How to buy the best portable power bank charger
While the numbers may look the same on paper, there are big differences between the best and worst power banks we’ve tested. Read on for our top tips on buying the power bank that’s best for you.
Our pick of the best power banks
Should I choose a high, medium or low capacity power bank?
The answer to this will depend on your needs.
Small power banks can be great for an occasional top up of power on the go. They’re light enough that you’ll hardly feel the weight of them in your bag. So if you’re just looking for something to keep on you to top up your phone in an emergency, a small power bank might be right for you.
We find that medium power banks, around 10,000mAh, tend to deliver the best balance of portability and capacity. In our tests, they’re also more likely to live up to their claimed capacity. They tend to have multiple ports for charging more than one device at once, and enough energy to charge two smartphones. A Best Buy medium power bank is a great all-rounder.
Large power banks are perfect for heavy-duty use. That could mean charging a single smartphone over a week in the wilderness, or keeping your whole family’s devices alive on long journeys or days out.
There are two big drawbacks to large power banks. The most obvious is size. While they deliver plenty of power for their weight, they can still be heavy to carry around. Pockets are out of the question for many large power banks, so you’ll need to stow them away in a bag if you’re out and about.
They also take a long time to recharge. We’ve seen models that take as long as 14 hours to fully recharge, while others take less than 10, so it pays to do your research before you buy.
Which power banks will work with my phone?
Most power banks will work with any phone. The biggest factor in whether you’ll be able to use one with your phone is the cable. If the cable you’re using doesn’t fit the power bank, you can almost certainly buy one that will.
What connections should I look for on a power bank?
Input ports are used to charge it. These tend to be either micro USB or USB-C. These usually come with the power bank, and can be plugged into any USB-A mains adaptor, or for instance, the USB port on your laptop.
Output ports are used to transfer power from the power bank to your devices. Usually, this will be one or more classic USB-A ports. These allow you to plug in your own charger cable, meaning you can likely use whatever cable you’re already using to charge your device.
Some power banks also come with USB-C output ports. This is the type of connection used by newer Android phones. To use this port you’ll need a cable that connects from USB-C to whatever type of connection your phone receives.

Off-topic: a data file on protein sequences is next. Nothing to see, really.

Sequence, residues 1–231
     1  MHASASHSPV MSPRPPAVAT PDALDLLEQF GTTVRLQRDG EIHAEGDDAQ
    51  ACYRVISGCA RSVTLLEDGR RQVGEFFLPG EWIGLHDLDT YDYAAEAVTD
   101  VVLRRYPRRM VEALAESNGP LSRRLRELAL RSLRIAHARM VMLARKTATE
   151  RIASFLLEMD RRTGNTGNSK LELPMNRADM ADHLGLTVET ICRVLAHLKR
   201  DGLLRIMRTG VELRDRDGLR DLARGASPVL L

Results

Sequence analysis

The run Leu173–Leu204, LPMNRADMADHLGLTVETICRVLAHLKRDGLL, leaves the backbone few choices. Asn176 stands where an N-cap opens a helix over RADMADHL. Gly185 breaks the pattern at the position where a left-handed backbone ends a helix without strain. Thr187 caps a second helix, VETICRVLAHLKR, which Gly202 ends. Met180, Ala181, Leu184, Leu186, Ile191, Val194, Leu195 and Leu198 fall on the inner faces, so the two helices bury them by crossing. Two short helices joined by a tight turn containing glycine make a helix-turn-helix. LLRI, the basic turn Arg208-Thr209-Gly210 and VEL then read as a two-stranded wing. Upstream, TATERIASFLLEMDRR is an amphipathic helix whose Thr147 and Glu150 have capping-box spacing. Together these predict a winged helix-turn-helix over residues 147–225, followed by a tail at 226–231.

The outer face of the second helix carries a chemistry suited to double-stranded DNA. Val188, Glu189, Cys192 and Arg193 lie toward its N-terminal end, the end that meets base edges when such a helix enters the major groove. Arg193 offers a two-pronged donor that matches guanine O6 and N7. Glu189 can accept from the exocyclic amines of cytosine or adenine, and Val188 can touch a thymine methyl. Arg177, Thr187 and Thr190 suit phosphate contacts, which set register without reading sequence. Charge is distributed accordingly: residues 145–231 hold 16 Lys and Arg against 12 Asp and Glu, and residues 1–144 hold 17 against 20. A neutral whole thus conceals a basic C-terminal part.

Some power banks come with a built-in output cable, which can’t be removed. This is usually an extra output, so it shouldn’t affect you if you plan to use other types of cable too.
We also measure and rate the distance between sockets. Socket spacing isn’t usually an issue, but it might prevent you getting the most out of your power bank if you’re using chunky or awkwardly shaped cables.
Do power banks deliver the power they promise?
Yes and no. Most technically deliver on the mAh (milliamp hours) they promise, but that’s not the full story when charging devices. That’s because the batteries inside a power bank are 3.7v, while USB (which is used to charge your devices) runs at 5v. Since mAh is related to voltage, mAh changes when the voltage does.
To calculate the mAh you’ll actually get when charging devices, multiply the claimed capacity by 3.7 then divide that figure by five (or whatever voltage you’ll be charging at).
To further complicate matters, some energy is also lost through heat. The energy lost can be as low as 15% with some models, but can be much higher in others.
To put this into context, the battery in an iPhone 12 is 2,815mAh. At first glance, a 10,000mAh power bank should be able to charge an iPhone 12 at least three times. At 5v though, a power bank advertised as 10,000mAh is really delivering 7,400mAh (10,000 x 3.7 / 5). Subtract 15% due to energy loss and you’re looking at something closer to 6,290mAh – enough to charge the device just over two times. This is a much more realistic figure based on our extensive testing.
What else should I look out for when buying a power bank?
Some power banks allow for pass-through charging, while many do not. Pass-through charging means you can charge the power bank while using it to charge your devices. That can be useful when travelling, as it means you won’t need to pack as many adaptors.
It’s not the most efficient way to charge devices though, so it’s usually worth using a regular adaptor if you have time.
Most power bank displays are just a series of four LED lights that light up to show you roughly how much charge there is. Some have numerical displays that show you this as a percentage. That’s handy if you like to micromanage your devices, but it can also take up more space, meaning a slightly bulkier power bank.
Can I take my power bank on a plane?
Lithium ion batteries, including most power banks, can be carried on planes as hand luggage, but should not be kept in the hold. You may need special permission to carry any battery rated at more than 100Wh (watt hours). That’s around 27,000mAh, which is quite large.
You may be asked for detailed information on the power bank. This is usually printed on the device, but can rub off with frequent use. If it’s close to the limit and you can’t prove it’s under 100Wh, be prepared for it to be confiscated.
If you’re unsure, check the restricted items section on your airline’s website.